Footnotes

  1. 1.

    In Eq. (1) \(\mu \) is the characteristic scale of the mass generation of the theory forming the composite scalar boson, b is the coefficient of the \(g^3\) term in the renormalization group \(\beta (g)\) function, \(\gamma = \frac{3c}{16\pi ^2 b}\), and c is the quadratic Casimir operator given by \( c = \frac{1}{2}(C_2(R_1) + C_2(R_2)-C_2(R_3) )\) where \(C2(R_i)\) are the Casimir operators for fermions in the representations \(R_1\) and \(R_2\) that form a composite boson in the representation \(R_3\).

  2. 2.

    Assuming the (MAC) hypothesis, the most attractive channel should satisfy \(\alpha _c(\Lambda _{X})(Y_{L}Y_R) \sim 1\); considering \(\alpha _c(\Lambda _{X})\) to be close to 1, we can roughly estimate that \(U(1)_X\) condensation should occur only for the channel where \((Y_{L}Y_R) \ge 1\). Once \((Y_LY_R = \frac{40}{9})\) the quark T channel is the one leading to the most attractive channel.

Notes

Acknowledgments

I thank A. A. Natale for useful discussions. This research was partially supported by the Conselho Nacional de Desenvolvimento Científico e Tecnológico (CNPq) by Grant 442009/2014-3.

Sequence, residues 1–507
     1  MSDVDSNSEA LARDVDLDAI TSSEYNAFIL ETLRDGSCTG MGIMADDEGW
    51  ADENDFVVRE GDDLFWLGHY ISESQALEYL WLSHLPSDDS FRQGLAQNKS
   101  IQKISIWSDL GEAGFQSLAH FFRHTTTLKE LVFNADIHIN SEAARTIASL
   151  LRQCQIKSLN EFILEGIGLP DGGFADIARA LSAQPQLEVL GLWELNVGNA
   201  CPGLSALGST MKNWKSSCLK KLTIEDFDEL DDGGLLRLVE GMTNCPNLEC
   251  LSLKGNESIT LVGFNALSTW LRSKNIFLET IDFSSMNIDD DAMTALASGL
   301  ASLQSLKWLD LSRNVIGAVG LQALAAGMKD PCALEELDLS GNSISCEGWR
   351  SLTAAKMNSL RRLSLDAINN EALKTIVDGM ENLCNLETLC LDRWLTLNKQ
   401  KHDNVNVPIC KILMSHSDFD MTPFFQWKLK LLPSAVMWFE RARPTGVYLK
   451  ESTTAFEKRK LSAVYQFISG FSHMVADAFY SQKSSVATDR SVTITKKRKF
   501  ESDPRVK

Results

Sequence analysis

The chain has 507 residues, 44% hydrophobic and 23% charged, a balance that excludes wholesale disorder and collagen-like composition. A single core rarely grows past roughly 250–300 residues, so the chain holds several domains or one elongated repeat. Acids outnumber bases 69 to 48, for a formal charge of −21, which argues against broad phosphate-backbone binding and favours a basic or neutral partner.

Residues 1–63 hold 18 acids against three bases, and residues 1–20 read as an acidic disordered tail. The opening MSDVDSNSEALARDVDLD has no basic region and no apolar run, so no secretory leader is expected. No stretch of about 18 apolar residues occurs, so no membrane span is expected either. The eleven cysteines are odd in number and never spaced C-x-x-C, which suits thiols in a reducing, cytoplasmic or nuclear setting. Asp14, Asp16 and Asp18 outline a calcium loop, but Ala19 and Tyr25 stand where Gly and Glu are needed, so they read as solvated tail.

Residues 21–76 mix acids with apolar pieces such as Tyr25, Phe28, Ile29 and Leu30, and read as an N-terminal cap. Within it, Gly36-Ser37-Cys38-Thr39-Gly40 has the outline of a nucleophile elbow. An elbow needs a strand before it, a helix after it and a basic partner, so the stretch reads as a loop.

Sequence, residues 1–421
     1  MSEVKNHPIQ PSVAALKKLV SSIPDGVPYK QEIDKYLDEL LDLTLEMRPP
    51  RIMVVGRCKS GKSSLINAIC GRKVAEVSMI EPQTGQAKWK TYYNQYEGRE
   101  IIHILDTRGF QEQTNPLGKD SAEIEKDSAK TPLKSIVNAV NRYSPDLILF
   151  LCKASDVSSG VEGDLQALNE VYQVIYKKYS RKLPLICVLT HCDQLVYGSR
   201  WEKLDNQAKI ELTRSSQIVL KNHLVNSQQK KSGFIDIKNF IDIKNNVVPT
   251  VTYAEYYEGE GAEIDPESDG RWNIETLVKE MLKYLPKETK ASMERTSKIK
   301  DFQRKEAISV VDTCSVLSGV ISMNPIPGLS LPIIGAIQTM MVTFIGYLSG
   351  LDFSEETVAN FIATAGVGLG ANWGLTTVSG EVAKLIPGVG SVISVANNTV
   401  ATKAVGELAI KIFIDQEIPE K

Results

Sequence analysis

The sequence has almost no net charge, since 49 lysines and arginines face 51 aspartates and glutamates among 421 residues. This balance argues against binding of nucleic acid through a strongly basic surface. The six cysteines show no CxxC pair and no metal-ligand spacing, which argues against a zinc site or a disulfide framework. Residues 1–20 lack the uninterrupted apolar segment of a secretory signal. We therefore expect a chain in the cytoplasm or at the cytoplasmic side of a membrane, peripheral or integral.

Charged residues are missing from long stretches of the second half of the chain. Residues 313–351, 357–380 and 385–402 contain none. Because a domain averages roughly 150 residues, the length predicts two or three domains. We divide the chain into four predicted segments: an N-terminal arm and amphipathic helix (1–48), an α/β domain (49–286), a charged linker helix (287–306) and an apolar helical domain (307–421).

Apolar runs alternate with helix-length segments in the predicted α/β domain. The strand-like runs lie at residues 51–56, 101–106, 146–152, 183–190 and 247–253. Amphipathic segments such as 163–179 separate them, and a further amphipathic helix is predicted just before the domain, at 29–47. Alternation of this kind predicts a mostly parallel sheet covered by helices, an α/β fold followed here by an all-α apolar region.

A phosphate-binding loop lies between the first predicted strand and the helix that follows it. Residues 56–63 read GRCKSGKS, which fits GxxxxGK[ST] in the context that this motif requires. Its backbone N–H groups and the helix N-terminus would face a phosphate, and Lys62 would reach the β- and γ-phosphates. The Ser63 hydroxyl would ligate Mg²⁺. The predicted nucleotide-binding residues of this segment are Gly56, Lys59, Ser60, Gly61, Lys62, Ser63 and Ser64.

References

  1. 1.
    ATLAS Collaboration, Phys. Lett. B 716, 1 (2012)Google Scholar
  2. 2.
    CMS Collaboration, Phys. Lett. B 716, 30 (2012)Google Scholar
  3. 3.
    G. Aad et al. [ATLAS Collaboration]. arXiv:1506.00962 [hep-ex]
  4. 4.
    V. Khachatryan et al. [CMS Collaboration], JHEP 08, 173 (2014)Google Scholar
  5. 5.
    V. Khachatryan et al. [CMS Collaboration], JHEP 08, 174 (2014)Google Scholar
  6. 6.
    M. Singer, J.W.F. Valle, J. Schechter, Phys. Rev. D 22, 738 (1980)ADSCrossRefGoogle Scholar
  7. 7.
    F. Pisano, V. Pleitez, Phys. Rev. D 46, 410 (1992)ADSCrossRefGoogle Scholar
  8. 8.
    P.H. Frampton, Phys. Rev. Lett. 69, 2889 (1992)ADSCrossRefGoogle Scholar
  9. 9.
    R. Foot, H.N. Long, T.A. Tran, Phys. Rev. D 50, 34 (1994)Google Scholar
  10. 10.